The price marks on Netflix’s long-term chart have been telling us a few things. First, the stock had been going up for almost eight years in the shape of an ascending broadening wedge or an ascending megaphone pattern (until Q1-22). In April 2022, this ended when a big red candle closed well below the lower boundary.

After that, there was a sort of pullback but look at the size and shape of the pullback candles. They’re all small, which shows a big lack of conviction, which may have come mostly from the retail cohort. This looks more like a bearish flag pattern, with another leg downcoming.

If you believe the glass is half full, you might think that this pullback will continue until it cancels out the red candle of April 2022, just below $400. This would also match up with a resistance zone from 2018 to 2019. But the big institutions need to come back to the table if we want to see that consistent strength. That’s not true at all right now. Recent data shows that the number of institutional investors and net shares they own has been decreasing since early October. The drop in December, especially for the number of net shares owned, was especially big.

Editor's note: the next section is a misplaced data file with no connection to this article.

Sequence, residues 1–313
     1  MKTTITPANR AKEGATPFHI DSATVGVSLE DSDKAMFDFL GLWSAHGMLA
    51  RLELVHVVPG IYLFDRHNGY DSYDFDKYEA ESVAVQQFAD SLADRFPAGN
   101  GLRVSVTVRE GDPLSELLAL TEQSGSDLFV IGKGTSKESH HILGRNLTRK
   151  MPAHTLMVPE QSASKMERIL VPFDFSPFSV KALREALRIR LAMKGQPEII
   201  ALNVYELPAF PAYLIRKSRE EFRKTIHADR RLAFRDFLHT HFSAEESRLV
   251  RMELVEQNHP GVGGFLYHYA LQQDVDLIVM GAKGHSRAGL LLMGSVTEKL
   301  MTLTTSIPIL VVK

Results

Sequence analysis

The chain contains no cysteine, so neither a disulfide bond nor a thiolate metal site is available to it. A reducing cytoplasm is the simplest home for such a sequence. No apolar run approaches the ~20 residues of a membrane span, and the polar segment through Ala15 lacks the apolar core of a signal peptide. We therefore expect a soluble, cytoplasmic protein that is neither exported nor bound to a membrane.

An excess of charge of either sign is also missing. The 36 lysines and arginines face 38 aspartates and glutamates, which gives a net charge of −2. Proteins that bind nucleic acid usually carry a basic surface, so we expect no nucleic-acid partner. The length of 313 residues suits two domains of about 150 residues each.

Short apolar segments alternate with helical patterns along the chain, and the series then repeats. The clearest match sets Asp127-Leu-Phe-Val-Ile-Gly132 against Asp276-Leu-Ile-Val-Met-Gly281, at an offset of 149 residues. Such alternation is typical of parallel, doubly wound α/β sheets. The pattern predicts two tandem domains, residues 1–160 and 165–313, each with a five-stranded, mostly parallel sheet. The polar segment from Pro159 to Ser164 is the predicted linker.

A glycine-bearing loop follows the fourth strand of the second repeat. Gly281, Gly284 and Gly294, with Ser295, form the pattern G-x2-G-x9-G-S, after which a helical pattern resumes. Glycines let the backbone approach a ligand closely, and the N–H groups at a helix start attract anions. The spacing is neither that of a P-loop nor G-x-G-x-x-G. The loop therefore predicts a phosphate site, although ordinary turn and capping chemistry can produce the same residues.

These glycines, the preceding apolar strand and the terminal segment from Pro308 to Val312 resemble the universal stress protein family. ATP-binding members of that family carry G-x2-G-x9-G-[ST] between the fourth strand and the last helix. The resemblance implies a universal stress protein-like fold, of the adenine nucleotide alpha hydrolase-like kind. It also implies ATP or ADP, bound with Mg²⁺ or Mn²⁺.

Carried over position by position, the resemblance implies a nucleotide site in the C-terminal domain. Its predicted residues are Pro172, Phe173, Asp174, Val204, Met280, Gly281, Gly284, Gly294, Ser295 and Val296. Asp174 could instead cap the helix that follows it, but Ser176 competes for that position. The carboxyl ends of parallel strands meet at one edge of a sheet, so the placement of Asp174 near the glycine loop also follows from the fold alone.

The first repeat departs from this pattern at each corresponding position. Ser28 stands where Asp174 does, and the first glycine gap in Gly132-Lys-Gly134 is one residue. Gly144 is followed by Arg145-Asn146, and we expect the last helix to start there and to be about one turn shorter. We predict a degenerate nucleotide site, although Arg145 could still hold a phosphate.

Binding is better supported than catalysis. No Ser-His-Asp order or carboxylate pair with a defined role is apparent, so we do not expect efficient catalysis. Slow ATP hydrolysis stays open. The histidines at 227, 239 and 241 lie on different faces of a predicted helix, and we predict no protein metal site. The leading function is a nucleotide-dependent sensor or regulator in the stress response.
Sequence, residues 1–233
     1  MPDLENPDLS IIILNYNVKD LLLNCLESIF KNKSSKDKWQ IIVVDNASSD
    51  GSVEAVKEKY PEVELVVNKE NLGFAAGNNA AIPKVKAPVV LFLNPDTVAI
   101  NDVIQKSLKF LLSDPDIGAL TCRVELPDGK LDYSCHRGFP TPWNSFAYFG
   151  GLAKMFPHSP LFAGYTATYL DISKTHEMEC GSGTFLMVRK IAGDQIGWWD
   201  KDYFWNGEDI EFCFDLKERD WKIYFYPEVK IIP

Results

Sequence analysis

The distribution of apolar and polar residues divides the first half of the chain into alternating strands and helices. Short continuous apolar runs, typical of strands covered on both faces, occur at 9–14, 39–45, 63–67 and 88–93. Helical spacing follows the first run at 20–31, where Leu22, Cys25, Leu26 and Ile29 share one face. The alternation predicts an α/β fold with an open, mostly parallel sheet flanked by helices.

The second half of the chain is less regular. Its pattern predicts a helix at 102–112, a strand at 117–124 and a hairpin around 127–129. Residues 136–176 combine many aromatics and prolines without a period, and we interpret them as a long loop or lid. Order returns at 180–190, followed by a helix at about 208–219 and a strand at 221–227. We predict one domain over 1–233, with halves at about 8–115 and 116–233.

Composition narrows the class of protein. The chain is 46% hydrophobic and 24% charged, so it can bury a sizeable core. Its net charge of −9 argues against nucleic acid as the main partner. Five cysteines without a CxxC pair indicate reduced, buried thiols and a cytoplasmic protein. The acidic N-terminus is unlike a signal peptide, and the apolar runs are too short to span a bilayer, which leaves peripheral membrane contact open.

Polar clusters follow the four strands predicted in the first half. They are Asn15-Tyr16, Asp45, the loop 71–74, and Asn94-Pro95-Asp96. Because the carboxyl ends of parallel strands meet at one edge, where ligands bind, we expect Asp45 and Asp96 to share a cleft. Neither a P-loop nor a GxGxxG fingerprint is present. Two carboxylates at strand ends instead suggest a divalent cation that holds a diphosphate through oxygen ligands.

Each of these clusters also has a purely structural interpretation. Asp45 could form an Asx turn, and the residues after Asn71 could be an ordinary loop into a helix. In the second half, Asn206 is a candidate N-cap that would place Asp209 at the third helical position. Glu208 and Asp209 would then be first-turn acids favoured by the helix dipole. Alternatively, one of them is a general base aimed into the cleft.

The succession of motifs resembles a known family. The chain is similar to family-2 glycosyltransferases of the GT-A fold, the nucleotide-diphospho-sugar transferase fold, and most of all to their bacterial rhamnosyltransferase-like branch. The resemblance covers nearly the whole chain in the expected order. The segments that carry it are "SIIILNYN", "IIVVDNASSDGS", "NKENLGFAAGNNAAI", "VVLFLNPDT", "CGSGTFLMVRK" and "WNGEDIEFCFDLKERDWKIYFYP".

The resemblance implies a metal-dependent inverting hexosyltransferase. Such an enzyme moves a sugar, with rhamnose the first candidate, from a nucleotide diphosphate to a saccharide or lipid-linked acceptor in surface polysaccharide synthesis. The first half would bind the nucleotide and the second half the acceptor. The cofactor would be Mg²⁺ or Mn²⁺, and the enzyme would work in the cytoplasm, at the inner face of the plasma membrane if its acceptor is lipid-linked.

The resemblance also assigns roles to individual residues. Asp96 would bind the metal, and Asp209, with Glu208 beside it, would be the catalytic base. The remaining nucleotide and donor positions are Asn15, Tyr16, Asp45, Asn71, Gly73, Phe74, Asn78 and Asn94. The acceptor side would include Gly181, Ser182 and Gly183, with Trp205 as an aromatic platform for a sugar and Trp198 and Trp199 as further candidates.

The fact that Netflix stock is already trading higher than the average price target of Wall Street analysts, which is $304.69, doesn’t help.

Regarding analyst positioning and how it affects forward valuations, the average EPS figure for FY 2023 is currently $10.6. This gives the stock a forward P/E of 29.1x, which is a good multiple given that the stock’s 5-year historical average forward P/E was 40x.

But think about how much the earnings growth is for a 29x multiple. With an EPS of $10.60, annual earnings growth is only 2.2%. Forward revenue growth is likely to be higher, at 7%. This means that the forward PEG is more than 13x, which is very expensive. For context, Netflix’s average forward PEG range has been much lower in the past, from 2x to 7x.

Lastly, I’ll talk about how Netflix stacks up against other companies in the same industry (as represented by the XLC ETF). Between May and June of last year, you could have said that Netflix was a potential mean-reversion candidate in the communication services space because it was trading below the midpoint of its 10-year range. That is no longer the case, as the stock looks slightly overbought compared to its peers.

Overall, Netflix’s business prospects may improve in 2023, but I see little reason to buy the stock at these prices. Netflix is a Hold.

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About the author: Stephanie Bedard-Chateauneuf has over four years of experience writing financial content for various websites. Over the years, Stephanie has covered various industries, with a primary focus on consumer stocks, cannabis stocks, tech stocks, and personal finance. This stock lover likes to invest for the long-term. Stephanie has an MBA in finance.